So we walked into there and I'm just like, Is this my life right now? Like, this is just and the baby is screaming and then Cohen started crying going, I can't cope with this, like, get me out of here. Cohen’s a real introverted kid too. And like all of the the lights and the beeping and the screaming and all that was just, it was just too much. And oh my god, I lost it. I lost it. I just Yeah, totally lost it. So I'm standing in the middle of the room just like heave crying. I apologised after I'll tell you that. Because I'm going like, give us give us a different room. Like, I'm not saying he those three babies and like, I can't cope. I can't do this. I know, everyone's got their thing going on. But you're my kid has to heal. I have to help. I cannot do this. I can't do it. I can't do it. Get me out. Anyway, she did inform me that we were in a public hospital. And everybody's needs are important. And I need to shut up. So, you know, we went over there. And it just, it was an experience. I slept on the chair next to him and you take a deep breath in, and the big guys were like creeks and it was just as fucking horrible. But we we got to go home really quick. So after seven days, we got to go home, which was great. He was still not good. He had to be able to walk to the bathroom and back to be able to be discharged, which was really painful and quite the feat for him. But, but he did it because he knew that he wanted to go home. And, you know, it's just it's like a parallel world. Like even the day before we came home he was he was able to get into the wheelchair so I could walk him around the hospital and he could get out of that room. And you were walking past the paediatric oncology Ward, where all the kids are going through their cancer treatments and blood disease in the hospital school with all the kids in there. And just like there's just so many people having such a bad time. And often, I know I don't really think I like I don't I live in such a beautiful bubble where we're very rarely does things go wrong. And it was it was it was a lot. There was a lot. And it really made us realise how lucky we are as well.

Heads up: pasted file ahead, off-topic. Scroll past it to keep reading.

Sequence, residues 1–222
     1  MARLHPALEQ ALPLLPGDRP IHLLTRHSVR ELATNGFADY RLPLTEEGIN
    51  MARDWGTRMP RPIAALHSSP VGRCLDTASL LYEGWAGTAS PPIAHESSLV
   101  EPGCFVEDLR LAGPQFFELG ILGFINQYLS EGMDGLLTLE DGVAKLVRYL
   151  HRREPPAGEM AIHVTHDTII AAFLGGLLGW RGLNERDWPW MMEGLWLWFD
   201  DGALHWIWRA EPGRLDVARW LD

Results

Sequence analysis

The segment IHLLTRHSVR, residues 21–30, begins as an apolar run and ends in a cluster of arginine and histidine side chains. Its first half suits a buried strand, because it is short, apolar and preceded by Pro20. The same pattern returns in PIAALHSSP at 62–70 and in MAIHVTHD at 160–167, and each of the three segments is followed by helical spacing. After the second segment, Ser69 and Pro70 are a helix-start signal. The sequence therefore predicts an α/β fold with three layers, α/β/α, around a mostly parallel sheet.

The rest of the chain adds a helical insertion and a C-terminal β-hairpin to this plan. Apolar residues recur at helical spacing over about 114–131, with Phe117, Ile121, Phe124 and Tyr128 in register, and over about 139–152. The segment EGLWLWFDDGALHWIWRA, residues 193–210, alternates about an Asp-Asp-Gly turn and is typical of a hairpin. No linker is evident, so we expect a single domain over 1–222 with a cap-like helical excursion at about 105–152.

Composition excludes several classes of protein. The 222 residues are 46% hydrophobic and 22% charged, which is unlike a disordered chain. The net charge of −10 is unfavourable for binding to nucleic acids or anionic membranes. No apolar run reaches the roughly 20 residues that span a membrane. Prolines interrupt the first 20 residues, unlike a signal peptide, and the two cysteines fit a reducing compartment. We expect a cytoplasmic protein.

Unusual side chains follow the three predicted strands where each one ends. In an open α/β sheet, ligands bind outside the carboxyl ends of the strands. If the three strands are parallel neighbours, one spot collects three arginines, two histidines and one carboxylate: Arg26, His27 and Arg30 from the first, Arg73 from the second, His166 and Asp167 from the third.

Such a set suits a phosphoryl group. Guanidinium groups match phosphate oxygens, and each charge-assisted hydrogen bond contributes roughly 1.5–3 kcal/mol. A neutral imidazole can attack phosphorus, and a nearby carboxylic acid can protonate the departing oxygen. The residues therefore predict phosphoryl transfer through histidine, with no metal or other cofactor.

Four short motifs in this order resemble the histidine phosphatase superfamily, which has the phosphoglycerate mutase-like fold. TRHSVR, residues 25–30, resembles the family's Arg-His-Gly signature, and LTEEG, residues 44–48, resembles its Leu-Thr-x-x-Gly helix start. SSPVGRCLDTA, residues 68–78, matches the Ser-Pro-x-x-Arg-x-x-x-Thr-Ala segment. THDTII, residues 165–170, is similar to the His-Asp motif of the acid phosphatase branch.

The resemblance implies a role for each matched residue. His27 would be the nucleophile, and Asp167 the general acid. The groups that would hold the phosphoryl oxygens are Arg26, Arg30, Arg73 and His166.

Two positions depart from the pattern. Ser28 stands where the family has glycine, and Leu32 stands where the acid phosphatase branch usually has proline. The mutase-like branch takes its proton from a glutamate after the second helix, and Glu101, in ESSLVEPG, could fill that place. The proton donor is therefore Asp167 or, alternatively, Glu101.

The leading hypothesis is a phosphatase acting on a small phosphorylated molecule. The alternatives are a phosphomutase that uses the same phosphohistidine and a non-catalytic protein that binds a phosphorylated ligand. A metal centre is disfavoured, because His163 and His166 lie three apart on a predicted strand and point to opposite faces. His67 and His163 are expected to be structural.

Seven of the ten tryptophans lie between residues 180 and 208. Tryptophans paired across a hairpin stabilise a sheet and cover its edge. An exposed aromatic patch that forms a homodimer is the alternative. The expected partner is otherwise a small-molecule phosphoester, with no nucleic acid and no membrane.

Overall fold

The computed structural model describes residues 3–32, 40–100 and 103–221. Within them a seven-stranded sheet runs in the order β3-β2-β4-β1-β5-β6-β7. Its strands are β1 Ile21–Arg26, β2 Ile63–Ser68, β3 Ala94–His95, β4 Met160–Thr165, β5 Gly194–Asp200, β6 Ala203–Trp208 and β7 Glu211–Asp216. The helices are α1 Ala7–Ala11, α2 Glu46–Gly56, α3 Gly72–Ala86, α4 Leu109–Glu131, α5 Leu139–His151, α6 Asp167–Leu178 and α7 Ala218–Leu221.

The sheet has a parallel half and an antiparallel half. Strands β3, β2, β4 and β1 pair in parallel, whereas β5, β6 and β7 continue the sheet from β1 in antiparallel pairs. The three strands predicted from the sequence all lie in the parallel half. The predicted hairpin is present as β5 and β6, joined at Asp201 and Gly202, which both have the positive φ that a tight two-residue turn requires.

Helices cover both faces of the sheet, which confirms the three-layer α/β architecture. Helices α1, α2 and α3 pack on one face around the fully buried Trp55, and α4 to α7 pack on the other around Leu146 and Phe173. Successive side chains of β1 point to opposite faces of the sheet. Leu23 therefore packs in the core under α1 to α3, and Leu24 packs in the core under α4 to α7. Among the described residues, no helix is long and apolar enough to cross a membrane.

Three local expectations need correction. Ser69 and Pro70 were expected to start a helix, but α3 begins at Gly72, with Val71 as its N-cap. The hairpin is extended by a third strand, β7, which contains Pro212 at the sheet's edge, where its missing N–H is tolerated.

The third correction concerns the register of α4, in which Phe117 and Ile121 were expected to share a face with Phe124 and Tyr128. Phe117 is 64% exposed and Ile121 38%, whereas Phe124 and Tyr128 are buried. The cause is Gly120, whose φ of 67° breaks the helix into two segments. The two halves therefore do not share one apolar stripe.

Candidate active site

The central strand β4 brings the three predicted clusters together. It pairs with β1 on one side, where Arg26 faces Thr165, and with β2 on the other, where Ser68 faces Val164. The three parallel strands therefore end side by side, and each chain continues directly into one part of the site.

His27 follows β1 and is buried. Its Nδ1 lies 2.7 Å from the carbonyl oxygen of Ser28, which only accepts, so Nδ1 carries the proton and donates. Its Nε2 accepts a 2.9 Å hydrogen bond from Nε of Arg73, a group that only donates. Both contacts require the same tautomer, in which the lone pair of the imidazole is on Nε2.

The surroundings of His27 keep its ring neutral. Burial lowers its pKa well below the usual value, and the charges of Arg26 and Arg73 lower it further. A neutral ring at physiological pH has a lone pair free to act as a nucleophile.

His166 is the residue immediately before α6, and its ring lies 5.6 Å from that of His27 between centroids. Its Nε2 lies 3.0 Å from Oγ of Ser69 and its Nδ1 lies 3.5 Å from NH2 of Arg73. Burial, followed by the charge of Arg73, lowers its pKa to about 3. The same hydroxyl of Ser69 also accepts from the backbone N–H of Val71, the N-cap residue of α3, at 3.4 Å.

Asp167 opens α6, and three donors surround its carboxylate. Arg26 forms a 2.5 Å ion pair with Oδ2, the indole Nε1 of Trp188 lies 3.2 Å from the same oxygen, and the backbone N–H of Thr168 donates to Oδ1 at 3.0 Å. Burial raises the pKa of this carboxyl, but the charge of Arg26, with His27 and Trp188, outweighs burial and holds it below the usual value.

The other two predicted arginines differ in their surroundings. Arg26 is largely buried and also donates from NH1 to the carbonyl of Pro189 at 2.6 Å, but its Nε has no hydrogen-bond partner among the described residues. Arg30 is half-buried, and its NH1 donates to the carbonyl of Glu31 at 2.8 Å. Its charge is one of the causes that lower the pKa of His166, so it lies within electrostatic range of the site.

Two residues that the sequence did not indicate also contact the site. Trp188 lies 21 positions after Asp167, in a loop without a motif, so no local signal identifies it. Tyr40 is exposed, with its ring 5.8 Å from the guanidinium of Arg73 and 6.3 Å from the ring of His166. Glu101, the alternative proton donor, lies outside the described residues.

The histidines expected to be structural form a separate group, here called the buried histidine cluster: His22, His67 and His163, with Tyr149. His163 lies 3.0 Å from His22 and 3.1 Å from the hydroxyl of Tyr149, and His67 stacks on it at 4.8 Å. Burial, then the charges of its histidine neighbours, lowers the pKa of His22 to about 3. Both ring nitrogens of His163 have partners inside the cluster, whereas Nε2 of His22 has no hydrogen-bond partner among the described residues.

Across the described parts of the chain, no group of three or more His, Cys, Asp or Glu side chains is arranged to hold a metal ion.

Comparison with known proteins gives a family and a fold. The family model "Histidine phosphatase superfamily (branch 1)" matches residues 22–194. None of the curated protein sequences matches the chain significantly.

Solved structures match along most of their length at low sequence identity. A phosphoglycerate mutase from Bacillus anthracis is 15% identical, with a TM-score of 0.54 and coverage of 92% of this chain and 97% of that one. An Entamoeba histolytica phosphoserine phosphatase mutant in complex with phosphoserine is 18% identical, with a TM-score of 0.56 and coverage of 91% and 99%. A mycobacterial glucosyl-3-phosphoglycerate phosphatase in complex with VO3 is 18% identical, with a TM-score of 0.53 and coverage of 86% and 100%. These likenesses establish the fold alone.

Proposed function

He recovered really, really quickly once we got home. So we had everything set up here. And you know, you can it's the same reason when I gave birth and you know, with Cohen I gave birth to him at three o'clock in the morning, and we left at nine o'clock. Because I just wanted to get out of that hospital environment. And someone sent me a message and said, Yes, hospitals no place for sick people. And I was like, you know hospital is amazing for saving your life. And we, we we need that but but once you're on on the road to recovery, my gosh, you want to get out of there. So yeah, we got to come home and do all the therapy and just drive back and forth to the hospital for bandage changes. So now five weeks later, we are on once a week, and he's doing really well.